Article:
The Stinging Fly magazine has decided to heed this call and proposes to devote the spring issue of 2016 to the theme, In the Wake of the Rising. A certain amount of the work in the issue will be commissioned but we are here putting out an open invitation for submissions. Writers are asked to respond freely to the principles in the Proclamation, to the story of the Rising, its place in our cultural memory, and the current state of the country we see ourselves as part of. And the country we see ourselves as having some hand in.
As a literary magazine interested in the short story form, the 2016 edition will also be a space in which to explore the current state of the relationship between writing and social engagement. The bulk of the submissions arriving into The Stinging Fly postbox bears the mark of the poetic realist stories of Frank O’Connor. It should be remembered that O’Connor, like Joyce who wanted to ‘forge the uncreated conscience of his race,’ developed his ideas of the short story form out of his reading of realist writers like Turgenev, Chekhov and Maupassant. These were writers who believed the purpose of their work was to meticulously delineate the social conditions of their time and by so doing to contribute to changing those conditions. In his 1942 essay, ‘The Future of Irish Literature’, O’Connor outlined a doctrine which claimed Ireland needed a socially-engaged literature because ‘there is no public opinion, and if the artists do not fight, who will?’ The very form of the realist short story developed alongside a belief in its power to assist reflection and social reform. So what then is the function of that short story form today, bled of its social responsibility, when the very mention of political or social-engagement is like a veiled insult to most writers?
The tricky subject of the relationship between literature and politics was touched on in Sean O’Faolain’s first editorial for The Bell in 1940. The job of the magazine would be ‘encourage life to speak’, to question the consensus of the day and ‘to stir ourselves to a vivid awareness of what we are doing, what we are becoming, what we are’. This wonderful optimism should be compared to the pessimism of his last editorial, his signing off, in 1954, where he writes, he has ‘suddenly grown detached and impersonal’ and concedes that The Bell failed because ‘politics and social problems had intruded’ on its pages. Should our writers then retreat from the chaotic public world into some kind of private zone of aesthetic purity?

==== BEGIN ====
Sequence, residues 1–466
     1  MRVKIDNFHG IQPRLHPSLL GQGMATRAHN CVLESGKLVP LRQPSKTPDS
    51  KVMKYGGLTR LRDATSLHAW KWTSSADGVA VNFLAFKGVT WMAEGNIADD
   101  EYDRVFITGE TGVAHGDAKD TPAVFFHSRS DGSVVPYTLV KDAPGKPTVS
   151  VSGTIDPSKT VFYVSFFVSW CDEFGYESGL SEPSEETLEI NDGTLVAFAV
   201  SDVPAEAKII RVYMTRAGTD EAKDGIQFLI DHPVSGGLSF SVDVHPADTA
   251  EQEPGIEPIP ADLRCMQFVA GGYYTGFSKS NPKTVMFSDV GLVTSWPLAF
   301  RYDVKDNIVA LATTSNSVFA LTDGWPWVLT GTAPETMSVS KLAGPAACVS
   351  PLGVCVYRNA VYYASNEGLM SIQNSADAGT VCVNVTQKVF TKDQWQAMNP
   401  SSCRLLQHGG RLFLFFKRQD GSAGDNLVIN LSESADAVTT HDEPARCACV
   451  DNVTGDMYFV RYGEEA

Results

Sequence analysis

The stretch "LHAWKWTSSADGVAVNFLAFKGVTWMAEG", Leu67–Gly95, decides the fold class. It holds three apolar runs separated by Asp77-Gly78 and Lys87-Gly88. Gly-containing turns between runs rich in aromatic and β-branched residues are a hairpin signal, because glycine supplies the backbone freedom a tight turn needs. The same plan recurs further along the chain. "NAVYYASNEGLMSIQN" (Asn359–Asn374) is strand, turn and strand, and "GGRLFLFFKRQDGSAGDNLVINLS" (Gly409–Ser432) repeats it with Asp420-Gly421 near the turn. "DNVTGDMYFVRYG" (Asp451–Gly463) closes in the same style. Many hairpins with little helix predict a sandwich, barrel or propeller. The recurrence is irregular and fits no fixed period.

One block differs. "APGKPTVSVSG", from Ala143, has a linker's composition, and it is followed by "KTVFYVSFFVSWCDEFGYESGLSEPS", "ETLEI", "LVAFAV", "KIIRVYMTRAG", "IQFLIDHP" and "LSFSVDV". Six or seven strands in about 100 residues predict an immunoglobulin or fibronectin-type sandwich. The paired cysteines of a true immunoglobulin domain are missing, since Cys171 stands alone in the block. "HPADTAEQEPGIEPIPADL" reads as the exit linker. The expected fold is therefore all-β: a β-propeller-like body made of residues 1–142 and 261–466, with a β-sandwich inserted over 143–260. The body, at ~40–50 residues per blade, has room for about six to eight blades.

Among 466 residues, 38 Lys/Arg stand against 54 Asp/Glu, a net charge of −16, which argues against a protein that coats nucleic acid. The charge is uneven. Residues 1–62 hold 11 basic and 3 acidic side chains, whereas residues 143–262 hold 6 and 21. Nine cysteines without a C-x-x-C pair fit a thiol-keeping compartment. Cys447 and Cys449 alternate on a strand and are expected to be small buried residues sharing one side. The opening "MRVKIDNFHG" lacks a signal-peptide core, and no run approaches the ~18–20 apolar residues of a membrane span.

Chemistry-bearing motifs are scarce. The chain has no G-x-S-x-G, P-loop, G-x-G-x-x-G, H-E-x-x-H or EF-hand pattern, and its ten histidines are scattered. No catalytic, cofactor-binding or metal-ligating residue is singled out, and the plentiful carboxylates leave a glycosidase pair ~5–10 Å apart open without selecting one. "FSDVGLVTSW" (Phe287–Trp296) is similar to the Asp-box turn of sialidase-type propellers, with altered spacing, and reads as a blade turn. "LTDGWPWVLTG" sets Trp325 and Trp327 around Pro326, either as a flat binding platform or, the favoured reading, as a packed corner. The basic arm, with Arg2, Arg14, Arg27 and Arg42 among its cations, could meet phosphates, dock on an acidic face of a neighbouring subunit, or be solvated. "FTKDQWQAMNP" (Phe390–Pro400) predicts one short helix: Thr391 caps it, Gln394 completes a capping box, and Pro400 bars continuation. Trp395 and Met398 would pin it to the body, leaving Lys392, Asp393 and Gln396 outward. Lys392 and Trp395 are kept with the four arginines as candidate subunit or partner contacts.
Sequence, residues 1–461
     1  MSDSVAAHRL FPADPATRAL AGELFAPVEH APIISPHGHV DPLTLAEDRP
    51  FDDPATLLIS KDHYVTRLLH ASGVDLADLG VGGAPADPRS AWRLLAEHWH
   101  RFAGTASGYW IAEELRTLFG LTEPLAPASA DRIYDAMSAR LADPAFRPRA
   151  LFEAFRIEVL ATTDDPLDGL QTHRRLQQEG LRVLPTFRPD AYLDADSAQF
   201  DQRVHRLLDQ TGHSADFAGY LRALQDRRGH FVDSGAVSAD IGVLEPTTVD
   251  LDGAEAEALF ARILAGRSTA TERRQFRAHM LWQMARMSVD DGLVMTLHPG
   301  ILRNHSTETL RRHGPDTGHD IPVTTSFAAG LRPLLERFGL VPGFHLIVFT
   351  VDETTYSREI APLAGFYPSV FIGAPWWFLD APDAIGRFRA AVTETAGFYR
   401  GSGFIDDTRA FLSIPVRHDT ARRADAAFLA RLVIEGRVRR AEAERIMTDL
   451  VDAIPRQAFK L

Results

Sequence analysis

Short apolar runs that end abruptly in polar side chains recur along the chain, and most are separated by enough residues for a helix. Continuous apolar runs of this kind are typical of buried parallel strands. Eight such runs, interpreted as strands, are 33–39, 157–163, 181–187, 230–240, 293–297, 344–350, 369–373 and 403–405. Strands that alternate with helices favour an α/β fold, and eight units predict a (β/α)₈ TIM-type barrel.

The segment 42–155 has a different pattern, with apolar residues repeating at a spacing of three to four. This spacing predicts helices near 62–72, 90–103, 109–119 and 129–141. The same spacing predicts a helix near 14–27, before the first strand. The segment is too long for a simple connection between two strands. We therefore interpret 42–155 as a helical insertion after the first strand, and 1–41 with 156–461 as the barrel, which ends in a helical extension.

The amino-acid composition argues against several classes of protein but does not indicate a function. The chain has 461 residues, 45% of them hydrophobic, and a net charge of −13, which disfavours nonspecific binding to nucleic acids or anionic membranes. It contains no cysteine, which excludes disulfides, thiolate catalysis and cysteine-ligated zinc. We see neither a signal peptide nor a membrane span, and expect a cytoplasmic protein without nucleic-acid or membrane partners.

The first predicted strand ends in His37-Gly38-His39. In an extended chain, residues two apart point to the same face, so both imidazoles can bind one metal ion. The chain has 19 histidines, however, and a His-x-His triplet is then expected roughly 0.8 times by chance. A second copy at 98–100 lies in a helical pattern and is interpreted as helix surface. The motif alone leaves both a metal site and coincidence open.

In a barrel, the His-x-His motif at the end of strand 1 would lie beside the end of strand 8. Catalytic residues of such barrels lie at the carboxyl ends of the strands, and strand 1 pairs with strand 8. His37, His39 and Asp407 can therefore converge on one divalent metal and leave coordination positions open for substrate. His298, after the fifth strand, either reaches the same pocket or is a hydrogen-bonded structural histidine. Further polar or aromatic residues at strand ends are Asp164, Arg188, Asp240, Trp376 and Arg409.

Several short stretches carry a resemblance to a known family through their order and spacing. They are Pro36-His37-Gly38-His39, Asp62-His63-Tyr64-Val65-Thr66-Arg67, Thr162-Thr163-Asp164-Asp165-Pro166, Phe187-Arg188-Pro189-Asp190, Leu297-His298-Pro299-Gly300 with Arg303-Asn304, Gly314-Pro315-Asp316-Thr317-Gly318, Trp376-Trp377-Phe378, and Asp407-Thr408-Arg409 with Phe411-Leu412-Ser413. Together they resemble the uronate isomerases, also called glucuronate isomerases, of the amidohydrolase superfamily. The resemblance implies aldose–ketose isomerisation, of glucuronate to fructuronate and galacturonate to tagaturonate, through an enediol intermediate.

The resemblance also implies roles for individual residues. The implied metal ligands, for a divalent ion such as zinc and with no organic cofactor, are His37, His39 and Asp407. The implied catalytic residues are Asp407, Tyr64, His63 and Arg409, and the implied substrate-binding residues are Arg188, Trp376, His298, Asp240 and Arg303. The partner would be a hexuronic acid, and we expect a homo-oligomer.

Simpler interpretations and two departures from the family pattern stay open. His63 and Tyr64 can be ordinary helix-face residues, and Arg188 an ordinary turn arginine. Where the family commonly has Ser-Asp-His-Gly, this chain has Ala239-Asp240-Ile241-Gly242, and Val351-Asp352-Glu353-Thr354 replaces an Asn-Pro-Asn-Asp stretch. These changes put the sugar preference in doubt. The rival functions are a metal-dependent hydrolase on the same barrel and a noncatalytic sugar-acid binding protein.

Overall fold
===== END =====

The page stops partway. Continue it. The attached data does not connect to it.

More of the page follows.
One last example of this troubled dialectic in Irish literature is from the first editorial of The Crane Bag in 1977. The editors state, explicitly, that they hope ‘the creativity of art and the commitment of politics might converge to challenge the assumption that the aesthetic and political are two mutually exclusive areas’. The editors go on to argue for a critical approach that:
suspends the paralysing immediacy of facts by examining their roots and their reason for being there in the first place. Such critical freedom is what Socrates called irony: a blend of comic detachment and committed concern. Could a crane bag be for Ireland what Socratic gad-fly was for Greece?
The Stinging Fly edition of Spring 2016 (to be published next February) will offer an opportunity to writers to re-evaluate and reclaim the vision of the 1916 Easter Rising and to engage with the state of the Republic today, the social conditions in which they actually do their writing, and to contribute to a debate on the colour of the horizon we should be aiming for. Even if history is irretrievably past, its meaning is still in the creative process of becoming.